Title: Lions for Lambs
Genre: Drama, Thriller, War
Director: Robert Redford
Screenwriters: Matthew Michael Carnahan
Starring: Tom Cruise, Meryl Streep, Robert Redford
Mannn, Redford, if you wanted to make a feature-length cinematic editorial, why didn’t you just go balls-out and have done with it? The conventional wisdom will be that Lions for Lambs is stagey and talky — a blatantly preachy liberal polemic. And so it is. But I want to suggest that the film would have been stronger, or at least more interesting, had Redford had the guts to go all the way. You want to lecture me? Then fucking lecture me. Don’t shoehorn in a pair of soldiers trapped behind enemy lines for “excitement.” It’s disingenuous, not to mention gutless. If something’s worth doing, it’s worth doing right.
In the best liberal tradition, the movie is blisteringly angry and disarmingly optimistic at once. The battle between Tom Cruise’s terrifying neo-conservative senator and Meryl Streep’s deferential but deeply skeptical veteran reporter contains most of the cynicism. Matthew Michael Carnahan’s screenplay handily captures both the rhetorical force and fundamental dishonesty of the neo-con arguments, and posits that members of the mainstream media (or the “MSM,” as the internet acronym goes) are well-intentioned but basically helpless, carried along by wave after wave of destructive conventional wisdom — e.g. that parroting partisan talking points constitutes “balance” in reporting. Cruise and Streep are fantastic; the former, in particular, scared the crap out of me.
You’ll find the optimism in a parallel confrontation between Stephen Malley (Redford) and Todd Hayes (Andrew Garfield), a student Malley calls into his office one morning. Malley sees in “promise” in Todd — a genius IQ as well as more intangible forms of “potential” — but also an increasing complacency, as evidenced by his increasingly frequent absences from class and plummeting engagement. He wants to spur the kid’s idealism, make him think about what he’s doing with his life, force him to consider what’s at stake. Todd wants to know why he shouldn’t go after the Good Life, a white picket fence and a nice income; he’s smart enough to get it easily, and why shouldn’t he? That seemed to me to be a good point. They talk and we listen.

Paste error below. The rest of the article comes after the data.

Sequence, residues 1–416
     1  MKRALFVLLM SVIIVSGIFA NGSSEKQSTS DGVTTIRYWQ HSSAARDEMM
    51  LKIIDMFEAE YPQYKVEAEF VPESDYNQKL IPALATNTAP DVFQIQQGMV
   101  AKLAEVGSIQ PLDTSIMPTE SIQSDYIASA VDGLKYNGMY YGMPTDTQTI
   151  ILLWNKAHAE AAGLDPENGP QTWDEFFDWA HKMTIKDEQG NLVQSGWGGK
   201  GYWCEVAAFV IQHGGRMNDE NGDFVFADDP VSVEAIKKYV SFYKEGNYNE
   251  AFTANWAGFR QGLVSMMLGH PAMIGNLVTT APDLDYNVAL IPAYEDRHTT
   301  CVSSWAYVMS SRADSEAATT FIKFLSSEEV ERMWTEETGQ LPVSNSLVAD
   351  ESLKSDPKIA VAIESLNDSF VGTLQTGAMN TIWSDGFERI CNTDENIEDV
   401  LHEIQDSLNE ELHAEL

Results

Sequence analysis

If that sounds didactic, you don’t know the half of it. But it’s enjoyable, too, not least for seeing four terrific actors play four intelligent characters having a vigorous discussion about the issues of the day. And hey, we could use a seriously pissed-off movie about the disgrace that is American government at the moment; I can even see an argument for such a movie being as direct and confrontational as possible. I could have gotten on board with what Redford was trying to do here. I might have gone against the grain and insisted that we needed this movie.
But, oh yes — there’s a third storyline fighting for screentime in the 88-minute film, and here Redford makes a huge mistake. This one involves a pair of Malley’s former students (Michael Peņa and Derek Luke) who, in a fit of enthusiasm, dropped out of school, joined the army and are now Rangers. While the Senator, the reporter, the teacher and the student sit in offices and debate, these two are about to parachute into enemy territory to capture a strategic position — part of the new military offensive the Senator is enthusiastically pitching. An accident leaves them injured in a snowy Afghani wasteland, basically defenseless and surrounded by armed hostiles.
Everything about this subplot rubbed me the wrong way, and I’m not sure what wound up being the dealbreaker. Maybe it’s that Peņa and Luke are manifestly too old to play undergrads, and look absolutely ridiculous in flashbacks. Maybe it’s that the connections to the other stories are so nifty and contrived that they seem unserious. Maybe it’s that though the behind-enemy-lines stuff is supposed to be “action” that propels the film it’s actually kind of boring and I wanted to fast-forward through it. At any rate, the addition renders the film overstuffed, disjointed, and several orders of magnitude more pretentious than it otherwise would have been. It’s a mess and a shame.
I leave for another day the troubling implications of the fact that it’s apparently fallen to Robert Redford to say some of the things that Lions for Lambs expresses in its eloquent rage. I’m grateful to him for it. But his movie doesn’t quite get there. Cutting out the objectionable segments would have basically resulted in a straight-up lecture, and I don’t know how good a movie that would have made. But it would have been better than the mish-mash actually before us. I wanted to like it, and I couldn’t do it.